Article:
September 1, 2011


This morning, we went fishing here in Ft. Lauderdale with regular customer Kent and some of his college roommates from Nashville Tennessee. We ran out in the Lady Pamela IV and put the bait out as fast as we could, trolling from 120 feet out to 600 feet using fresh mullet strips. We were using two baits on planer boards that dive deep up to 60 feet, and four surface baits skipping across the top of the water. The first fish landed in the boat was a nice 25 lbs. bull kingfish, and then the Atlantic bonitos and barracuda started snapping. We caught eight of them before a 25 lb. wahoo ate the bait on left long planer and Kent reeled him in. Captain Pauli decided to mix it up and swing out deep for mahi mahi. It was a little while before we had another bite but when we did it was worth it. A 15 lb blackfin tuna hit the right short planer on a pink and white sea witch skirt.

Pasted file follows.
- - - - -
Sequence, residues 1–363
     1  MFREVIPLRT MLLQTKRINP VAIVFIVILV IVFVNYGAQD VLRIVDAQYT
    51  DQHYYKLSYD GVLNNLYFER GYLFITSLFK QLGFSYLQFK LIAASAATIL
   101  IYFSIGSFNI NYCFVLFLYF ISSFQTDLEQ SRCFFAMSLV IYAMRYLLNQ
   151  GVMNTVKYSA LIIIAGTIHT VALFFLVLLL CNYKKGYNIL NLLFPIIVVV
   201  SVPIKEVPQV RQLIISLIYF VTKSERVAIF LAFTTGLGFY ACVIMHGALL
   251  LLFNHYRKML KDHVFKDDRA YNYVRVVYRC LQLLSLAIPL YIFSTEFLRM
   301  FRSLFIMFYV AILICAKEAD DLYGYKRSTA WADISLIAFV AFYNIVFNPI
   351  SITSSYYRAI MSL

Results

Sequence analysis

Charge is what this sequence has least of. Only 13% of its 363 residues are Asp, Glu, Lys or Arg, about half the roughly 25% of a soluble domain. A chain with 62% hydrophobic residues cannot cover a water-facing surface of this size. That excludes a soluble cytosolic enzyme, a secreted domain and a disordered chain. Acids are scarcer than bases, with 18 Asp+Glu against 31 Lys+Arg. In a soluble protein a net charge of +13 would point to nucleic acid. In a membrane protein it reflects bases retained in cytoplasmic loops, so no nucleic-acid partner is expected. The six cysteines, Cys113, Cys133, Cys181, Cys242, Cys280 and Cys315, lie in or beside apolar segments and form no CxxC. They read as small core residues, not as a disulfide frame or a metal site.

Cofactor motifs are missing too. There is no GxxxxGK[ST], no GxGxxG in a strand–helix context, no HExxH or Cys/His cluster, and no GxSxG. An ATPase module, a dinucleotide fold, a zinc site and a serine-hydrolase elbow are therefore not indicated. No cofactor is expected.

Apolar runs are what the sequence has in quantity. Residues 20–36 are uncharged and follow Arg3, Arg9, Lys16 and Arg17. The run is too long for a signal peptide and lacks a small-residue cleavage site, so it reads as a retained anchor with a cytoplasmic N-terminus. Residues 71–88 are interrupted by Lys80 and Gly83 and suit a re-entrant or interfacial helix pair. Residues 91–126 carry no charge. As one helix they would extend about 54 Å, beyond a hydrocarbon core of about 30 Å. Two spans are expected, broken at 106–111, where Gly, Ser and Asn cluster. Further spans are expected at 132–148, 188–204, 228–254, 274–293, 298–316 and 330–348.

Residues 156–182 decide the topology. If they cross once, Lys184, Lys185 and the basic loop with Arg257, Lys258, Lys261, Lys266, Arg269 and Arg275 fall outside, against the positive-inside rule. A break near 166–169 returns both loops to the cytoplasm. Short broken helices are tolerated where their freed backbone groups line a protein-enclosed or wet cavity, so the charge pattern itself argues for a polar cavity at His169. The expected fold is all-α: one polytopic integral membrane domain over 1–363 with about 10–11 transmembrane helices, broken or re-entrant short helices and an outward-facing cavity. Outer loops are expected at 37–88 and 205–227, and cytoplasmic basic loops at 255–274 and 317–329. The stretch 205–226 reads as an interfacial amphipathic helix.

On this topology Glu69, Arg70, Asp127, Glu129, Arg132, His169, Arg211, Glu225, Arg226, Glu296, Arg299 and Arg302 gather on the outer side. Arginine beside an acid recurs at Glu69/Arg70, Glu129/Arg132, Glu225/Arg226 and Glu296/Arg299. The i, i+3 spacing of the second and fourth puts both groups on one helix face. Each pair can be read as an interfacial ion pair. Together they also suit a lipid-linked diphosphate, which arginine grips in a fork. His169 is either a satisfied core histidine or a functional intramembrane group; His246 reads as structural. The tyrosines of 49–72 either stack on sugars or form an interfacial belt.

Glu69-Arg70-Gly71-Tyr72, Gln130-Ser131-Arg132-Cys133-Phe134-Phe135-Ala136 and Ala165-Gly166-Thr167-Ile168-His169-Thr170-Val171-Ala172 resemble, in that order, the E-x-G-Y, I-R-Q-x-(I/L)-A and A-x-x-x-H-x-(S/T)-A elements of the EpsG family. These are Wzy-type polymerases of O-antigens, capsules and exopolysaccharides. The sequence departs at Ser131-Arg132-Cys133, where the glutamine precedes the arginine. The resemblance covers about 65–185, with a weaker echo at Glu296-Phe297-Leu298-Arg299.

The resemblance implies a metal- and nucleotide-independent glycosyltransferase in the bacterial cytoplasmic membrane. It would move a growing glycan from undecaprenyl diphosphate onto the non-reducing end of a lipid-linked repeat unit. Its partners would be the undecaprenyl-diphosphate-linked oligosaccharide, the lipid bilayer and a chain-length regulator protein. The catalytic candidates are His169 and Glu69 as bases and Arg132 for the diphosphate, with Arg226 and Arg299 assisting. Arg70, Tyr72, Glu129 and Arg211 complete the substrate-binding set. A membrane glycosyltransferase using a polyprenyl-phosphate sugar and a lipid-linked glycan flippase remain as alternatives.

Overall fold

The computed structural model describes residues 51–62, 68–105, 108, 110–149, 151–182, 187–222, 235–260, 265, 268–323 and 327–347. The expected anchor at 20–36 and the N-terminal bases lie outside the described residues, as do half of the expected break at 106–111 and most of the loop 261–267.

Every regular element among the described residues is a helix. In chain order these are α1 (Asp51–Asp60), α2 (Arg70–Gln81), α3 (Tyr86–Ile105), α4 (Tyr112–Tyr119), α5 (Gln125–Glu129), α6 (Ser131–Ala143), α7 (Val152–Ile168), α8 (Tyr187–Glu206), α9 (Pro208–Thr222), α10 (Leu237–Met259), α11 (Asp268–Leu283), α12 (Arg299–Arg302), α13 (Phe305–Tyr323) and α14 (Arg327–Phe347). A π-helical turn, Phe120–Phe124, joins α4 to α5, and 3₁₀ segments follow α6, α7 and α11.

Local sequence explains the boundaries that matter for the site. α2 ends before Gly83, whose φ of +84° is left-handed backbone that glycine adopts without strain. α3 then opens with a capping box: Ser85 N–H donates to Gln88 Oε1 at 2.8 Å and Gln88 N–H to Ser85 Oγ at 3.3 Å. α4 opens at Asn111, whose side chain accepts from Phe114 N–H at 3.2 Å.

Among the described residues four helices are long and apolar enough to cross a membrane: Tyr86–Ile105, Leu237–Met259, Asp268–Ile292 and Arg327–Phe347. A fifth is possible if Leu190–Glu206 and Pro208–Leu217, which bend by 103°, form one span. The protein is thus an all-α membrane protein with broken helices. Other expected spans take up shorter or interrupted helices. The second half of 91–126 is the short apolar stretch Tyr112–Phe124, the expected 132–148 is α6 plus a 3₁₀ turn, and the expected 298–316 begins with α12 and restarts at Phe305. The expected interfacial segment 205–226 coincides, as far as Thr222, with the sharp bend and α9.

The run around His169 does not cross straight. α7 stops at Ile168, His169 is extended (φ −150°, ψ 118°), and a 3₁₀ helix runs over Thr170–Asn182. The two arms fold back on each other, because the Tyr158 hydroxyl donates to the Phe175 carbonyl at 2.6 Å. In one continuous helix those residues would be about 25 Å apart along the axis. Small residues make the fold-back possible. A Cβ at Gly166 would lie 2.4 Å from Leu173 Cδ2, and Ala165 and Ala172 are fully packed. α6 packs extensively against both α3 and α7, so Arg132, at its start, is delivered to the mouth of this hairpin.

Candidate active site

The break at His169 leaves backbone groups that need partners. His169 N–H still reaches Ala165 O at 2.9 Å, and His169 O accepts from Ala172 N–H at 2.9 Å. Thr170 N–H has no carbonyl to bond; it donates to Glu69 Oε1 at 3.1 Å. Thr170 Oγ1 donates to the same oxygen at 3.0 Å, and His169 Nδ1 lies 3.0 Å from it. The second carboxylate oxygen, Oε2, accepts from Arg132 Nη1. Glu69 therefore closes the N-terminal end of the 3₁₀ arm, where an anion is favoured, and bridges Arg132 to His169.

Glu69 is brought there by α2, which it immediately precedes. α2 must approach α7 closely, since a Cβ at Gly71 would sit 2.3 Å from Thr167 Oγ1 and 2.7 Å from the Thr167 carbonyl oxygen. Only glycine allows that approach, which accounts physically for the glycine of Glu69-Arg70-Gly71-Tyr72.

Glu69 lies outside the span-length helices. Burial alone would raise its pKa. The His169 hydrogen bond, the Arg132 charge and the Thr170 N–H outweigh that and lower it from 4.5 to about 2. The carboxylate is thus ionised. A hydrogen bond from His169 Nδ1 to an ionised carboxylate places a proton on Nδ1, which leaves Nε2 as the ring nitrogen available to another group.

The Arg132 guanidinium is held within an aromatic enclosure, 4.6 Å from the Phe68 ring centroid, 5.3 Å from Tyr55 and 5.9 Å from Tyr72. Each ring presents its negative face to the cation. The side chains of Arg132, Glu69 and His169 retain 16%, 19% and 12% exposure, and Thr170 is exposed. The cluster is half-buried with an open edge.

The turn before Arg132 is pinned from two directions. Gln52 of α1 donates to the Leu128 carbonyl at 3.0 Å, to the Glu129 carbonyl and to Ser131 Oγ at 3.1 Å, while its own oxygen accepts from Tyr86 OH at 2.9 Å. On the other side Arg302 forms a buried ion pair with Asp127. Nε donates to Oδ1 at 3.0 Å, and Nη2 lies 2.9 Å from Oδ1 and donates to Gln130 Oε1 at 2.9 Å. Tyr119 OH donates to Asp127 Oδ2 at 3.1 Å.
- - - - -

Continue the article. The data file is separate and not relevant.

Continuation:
I want to let you another thing that’s happening with Ft. Lauderdale fishing right now. As we speak, the mullet run on our coast has started and it is crazy! The mullet run is the annual migration of these baitfish as they swim south along the coast down our way as the water cools in the northeast. There are clouds of these baitfish swimming around Ft. Lauderdale and the snook, tarpon, barracuda, and jack crevalles are gorging themselves. The inshore fishing for these species is some of the best anywhere when the mullet are running. Just today, as the Lady Pamela III was returning from a charter, the whole of Port Everglades was teeming with mullet. Mate Adam quickly netted several dozen, rigged up and trolled a few, and within ten minutes had a customer hooked up on a jumpy 70 lb tarpon. What a way to finish a charter! Come join us!